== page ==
The K05 candidate is a senior faculty member (professor) who has been actively involved in cancer research and mentoring for over two decades. She is an independent investigator who has developed and sustained a vigorous research and training program in cancer prevention. The candidate has over 270 scientific publications and is recognized nationally and internationally for her prostate cancer (PCa) research (e.g., epidemiology, biomarkers, prevention, outcomes). The candidate's research program has been instrumental in building a robust environment and infrastructure that will provide critical support, resources, and opportunities for young investigators during the proposed K05 award. This award would provide needed support for the candidate to devote substantially more time and effort toward career development goals and successful launching of the next generation of young investigators in cancer prevention. The K05 proposal has 3 components: 1) Career Plan;2) Research Plan;and, 3) Mentoring Plan. Dr. Stanford's Career Plan includes: 1) advancing knowledge of genomics, epigenomics, and molecular biology;2) augmenting her research skills, particularly related to analyses of high-throughput data;and, 3) enhancing her mentoring skills. The career plan is strongly tied to the proposed research and mentoring plans, and will encompass academic courses, conferences, heading a new journal club, and teaching in the research ethics program. The Research Plan is aimed to expand knowledge of biomarkers for PCa, and will test the hypothesis that epigenomic and genetic alterations influence PCa progression to its aggressive phenotype. The research plan will: 1) determine whether genome-wide DNA methylation and gene expression profiles in PCa tumor tissue are associated with recurrent and lethal PCa;and, 2) combine top-ranked genes from the methylation and expression profiles with genetic variants associated with PCa-specific mortality to build an integrated panel of biomarkers for stratification of patients (indolent vs. aggressive tumors) who may benefit most from novel therapy and prevention approaches. The research plan will take advantage of a population-based cohort of PCa patients (n=1,458) with available data and biospecimens. The Mentoring Plan is built upon the candidate's experience gained from working with graduate students, fellows, and junior faculty, and will include both individual and group interactions aimed at inspiring and building the research and career skills of K05 mentees (e.g., study design and methodology, data analyses, writing scientific papers and grant proposals, presenting at scientific meetings). Trainees will be identified and supported through training and other grants and awards within the candidate's research-academic environment. All data, biospecimens, and resources from the candidate's research program will be made available for training these young scientists.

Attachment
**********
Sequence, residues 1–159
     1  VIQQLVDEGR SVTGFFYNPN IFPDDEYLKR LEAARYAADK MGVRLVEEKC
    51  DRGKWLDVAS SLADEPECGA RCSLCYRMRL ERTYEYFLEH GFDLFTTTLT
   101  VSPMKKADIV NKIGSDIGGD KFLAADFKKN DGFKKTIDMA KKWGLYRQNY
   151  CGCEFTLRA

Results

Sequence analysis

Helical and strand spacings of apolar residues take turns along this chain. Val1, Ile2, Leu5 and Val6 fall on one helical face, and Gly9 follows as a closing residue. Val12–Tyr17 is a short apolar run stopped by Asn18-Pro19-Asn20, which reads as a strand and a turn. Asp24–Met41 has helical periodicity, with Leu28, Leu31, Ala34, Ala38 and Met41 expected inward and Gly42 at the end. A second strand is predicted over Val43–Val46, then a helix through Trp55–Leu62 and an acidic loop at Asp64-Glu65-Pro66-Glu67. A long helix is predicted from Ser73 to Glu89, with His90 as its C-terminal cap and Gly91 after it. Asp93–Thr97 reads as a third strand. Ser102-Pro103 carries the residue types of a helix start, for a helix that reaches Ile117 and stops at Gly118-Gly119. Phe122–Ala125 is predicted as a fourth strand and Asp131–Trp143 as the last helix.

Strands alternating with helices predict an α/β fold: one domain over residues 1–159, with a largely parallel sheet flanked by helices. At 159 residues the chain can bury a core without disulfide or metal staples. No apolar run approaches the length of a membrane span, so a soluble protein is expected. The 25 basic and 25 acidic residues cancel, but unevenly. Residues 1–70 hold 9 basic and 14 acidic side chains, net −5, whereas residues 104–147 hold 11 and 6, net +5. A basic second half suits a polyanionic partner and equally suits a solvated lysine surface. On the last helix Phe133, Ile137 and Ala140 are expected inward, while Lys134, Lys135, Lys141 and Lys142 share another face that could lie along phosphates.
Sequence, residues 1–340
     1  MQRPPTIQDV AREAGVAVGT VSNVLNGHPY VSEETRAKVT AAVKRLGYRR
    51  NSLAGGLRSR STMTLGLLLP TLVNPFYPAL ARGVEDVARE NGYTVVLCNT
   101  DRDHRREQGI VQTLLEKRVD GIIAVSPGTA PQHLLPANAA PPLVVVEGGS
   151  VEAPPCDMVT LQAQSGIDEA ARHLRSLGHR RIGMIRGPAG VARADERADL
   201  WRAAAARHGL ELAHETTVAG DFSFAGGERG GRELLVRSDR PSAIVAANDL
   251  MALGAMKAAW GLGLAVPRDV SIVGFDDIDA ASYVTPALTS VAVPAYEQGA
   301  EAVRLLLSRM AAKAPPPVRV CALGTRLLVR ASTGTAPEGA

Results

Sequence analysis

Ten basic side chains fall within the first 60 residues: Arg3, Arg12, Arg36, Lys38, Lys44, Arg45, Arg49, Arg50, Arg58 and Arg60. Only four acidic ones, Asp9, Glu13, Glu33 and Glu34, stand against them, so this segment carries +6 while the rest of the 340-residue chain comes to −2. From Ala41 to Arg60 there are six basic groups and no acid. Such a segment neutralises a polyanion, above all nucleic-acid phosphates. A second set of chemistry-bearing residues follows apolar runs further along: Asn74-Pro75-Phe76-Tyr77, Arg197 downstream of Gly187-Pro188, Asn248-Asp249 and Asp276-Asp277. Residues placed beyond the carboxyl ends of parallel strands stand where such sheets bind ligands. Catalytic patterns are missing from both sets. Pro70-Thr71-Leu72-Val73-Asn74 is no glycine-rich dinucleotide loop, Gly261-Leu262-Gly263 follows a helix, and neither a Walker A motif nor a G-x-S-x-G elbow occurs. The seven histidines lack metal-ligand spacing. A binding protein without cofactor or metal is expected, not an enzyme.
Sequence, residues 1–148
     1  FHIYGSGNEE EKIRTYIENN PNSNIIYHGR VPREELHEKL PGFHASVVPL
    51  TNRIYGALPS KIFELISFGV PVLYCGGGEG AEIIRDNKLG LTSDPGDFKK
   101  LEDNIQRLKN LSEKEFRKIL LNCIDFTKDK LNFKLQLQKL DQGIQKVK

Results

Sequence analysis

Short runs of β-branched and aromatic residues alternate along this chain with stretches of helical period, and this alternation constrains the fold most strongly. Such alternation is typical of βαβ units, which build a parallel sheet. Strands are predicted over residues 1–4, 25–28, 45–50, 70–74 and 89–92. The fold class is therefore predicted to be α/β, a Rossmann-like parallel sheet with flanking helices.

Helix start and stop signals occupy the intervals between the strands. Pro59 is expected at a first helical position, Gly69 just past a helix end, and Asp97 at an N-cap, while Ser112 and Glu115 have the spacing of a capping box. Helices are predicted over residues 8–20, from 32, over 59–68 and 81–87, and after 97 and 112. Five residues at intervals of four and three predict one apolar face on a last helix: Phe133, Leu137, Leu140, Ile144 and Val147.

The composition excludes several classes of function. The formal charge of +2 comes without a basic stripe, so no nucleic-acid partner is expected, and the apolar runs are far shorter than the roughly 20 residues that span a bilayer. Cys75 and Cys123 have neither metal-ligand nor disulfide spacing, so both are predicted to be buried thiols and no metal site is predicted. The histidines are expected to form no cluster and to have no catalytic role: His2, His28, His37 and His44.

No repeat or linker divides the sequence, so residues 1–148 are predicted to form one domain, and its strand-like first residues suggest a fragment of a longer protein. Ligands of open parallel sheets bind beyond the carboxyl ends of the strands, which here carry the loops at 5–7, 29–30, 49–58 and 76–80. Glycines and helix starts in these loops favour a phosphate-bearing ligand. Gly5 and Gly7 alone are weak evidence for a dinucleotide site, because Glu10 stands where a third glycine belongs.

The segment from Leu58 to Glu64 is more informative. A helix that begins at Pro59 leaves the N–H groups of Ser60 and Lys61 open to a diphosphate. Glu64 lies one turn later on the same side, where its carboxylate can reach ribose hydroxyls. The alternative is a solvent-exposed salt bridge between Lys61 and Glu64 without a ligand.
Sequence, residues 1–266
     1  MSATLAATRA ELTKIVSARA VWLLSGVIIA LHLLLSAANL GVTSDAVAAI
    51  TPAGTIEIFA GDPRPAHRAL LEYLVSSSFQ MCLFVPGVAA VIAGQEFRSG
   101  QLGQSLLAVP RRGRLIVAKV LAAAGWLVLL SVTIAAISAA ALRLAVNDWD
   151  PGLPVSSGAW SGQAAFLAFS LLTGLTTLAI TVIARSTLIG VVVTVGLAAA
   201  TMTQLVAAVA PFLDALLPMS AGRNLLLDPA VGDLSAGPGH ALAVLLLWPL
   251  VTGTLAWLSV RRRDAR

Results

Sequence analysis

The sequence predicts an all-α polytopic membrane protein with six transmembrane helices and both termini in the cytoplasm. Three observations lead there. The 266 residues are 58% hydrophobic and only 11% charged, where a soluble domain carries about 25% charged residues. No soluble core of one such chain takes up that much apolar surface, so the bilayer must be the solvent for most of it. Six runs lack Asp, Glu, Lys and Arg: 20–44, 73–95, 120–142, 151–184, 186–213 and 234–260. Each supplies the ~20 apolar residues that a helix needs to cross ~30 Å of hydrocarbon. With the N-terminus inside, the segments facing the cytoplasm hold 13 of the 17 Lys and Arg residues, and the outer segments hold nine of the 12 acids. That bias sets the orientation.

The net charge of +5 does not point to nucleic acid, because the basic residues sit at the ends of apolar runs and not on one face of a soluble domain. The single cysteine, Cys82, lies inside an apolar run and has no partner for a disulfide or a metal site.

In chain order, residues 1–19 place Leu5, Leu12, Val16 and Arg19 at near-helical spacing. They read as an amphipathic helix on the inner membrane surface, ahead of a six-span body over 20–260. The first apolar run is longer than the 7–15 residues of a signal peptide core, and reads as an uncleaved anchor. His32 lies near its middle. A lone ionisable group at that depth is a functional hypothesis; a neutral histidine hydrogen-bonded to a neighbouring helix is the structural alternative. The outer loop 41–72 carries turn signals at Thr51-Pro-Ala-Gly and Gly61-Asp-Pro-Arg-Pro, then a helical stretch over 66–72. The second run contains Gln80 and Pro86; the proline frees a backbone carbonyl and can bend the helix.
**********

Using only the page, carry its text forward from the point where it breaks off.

The K05 proposal involves career development, research, and mentoring plans that are clearly tied together for synergy and to meet the overall goal of advancing the candidate's career and mentoring skills for training the next generation of young researchers in cancer prevention and control. The research plan focuses on epigenomic and genetic biomarkers for aggressive prostate cancer (PCa). The intellectual ability and research expertise that these young, well-trained investigators will bring to the fight against PCa, which i a major cause of human suffering and death, may lead to development of novel therapy and prevention approaches.
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